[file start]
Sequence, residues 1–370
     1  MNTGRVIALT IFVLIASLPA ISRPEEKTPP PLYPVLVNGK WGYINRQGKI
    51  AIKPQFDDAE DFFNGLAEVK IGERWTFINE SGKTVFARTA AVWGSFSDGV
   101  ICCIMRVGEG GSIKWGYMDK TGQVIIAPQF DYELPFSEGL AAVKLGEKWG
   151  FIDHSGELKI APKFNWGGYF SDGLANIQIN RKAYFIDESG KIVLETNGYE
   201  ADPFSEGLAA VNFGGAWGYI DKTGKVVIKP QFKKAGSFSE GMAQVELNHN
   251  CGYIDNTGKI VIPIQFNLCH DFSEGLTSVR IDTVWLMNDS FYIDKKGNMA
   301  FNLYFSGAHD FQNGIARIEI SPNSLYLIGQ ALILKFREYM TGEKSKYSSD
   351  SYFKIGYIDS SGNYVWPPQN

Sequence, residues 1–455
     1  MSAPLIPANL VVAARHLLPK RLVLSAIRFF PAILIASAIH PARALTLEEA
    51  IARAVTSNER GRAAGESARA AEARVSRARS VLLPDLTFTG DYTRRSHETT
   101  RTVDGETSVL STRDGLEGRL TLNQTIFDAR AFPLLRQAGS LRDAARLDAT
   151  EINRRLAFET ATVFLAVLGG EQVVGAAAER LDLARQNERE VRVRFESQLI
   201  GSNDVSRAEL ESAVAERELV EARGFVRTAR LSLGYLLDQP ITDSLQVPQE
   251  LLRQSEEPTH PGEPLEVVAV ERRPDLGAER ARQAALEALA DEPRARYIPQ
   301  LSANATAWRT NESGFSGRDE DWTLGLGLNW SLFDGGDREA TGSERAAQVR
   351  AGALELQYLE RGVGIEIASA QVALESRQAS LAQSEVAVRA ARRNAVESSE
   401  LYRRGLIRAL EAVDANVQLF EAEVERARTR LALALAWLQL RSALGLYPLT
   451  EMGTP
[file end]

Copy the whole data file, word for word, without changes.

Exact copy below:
Sequence, residues 1–370
     1  MNTGRVIALT IFVLIASLPA ISRPEEKTPP PLYPVLVNGK WGYINRQGKI
    51  AIKPQFDDAE DFFNGLAEVK IGERWTFINE SGKTVFARTA AVWGSFSDGV
   101  ICCIMRVGEG GSIKWGYMDK TGQVIIAPQF DYELPFSEGL AAVKLGEKWG
   151  FIDHSGELKI APKFNWGGYF SDGLANIQIN RKAYFIDESG KIVLETNGYE
   201  ADPFSEGLAA VNFGGAWGYI DKTGKVVIKP QFKKAGSFSE GMAQVELNHN
   251  CGYIDNTGKI VIPIQFNLCH DFSEGLTSVR IDTVWLMNDS FYIDKKGNMA
   301  FNLYFSGAHD FQNGIARIEI SPNSLYLIGQ ALILKFREYM TGEKSKYSSD
   351  SYFKIGYIDS SGNYVWPPQN

Sequence, residues 1–455
     1  MSAPLIPANL VVAARHLLPK RLVLSAIRFF PAILIASAIH PARALTLEEA
    51  IARAVTSNER GRAAGESARA AEARVSRARS VLLPDLTFTG DYTRRSHETT
   101  RTVDGETSVL STRDGLEGRL TLNQTIFDAR AFPLLRQAGS LRDAARLDAT
   151  EINRRLAFET ATVFLAVLGG EQVVGAAAER LDLARQNERE VRVRFESQLI
   201  GSNDVSRAEL ESAVAERELV EARGFVRTAR LSLGYLLDQP ITDSLQVPQE
   251  LLRQSEEPTH PGEPLEVVAV ERRPDLGAER ARQAALEALA DEPRARYIPQ
   301  LSANATAWRT NESGFSGRDE DWTLGLGLNW SLFDGGDREA TGSERAAQVR
   351  AGALELQYLE RGVGIEIASA QVALESRQAS LAQSEVAVRA ARRNAVESSE
   401  LYRRGLIRAL EAVDANVQLF EAEVERARTR LALALAWLQL RSALGLYPLT
   451  EMGTP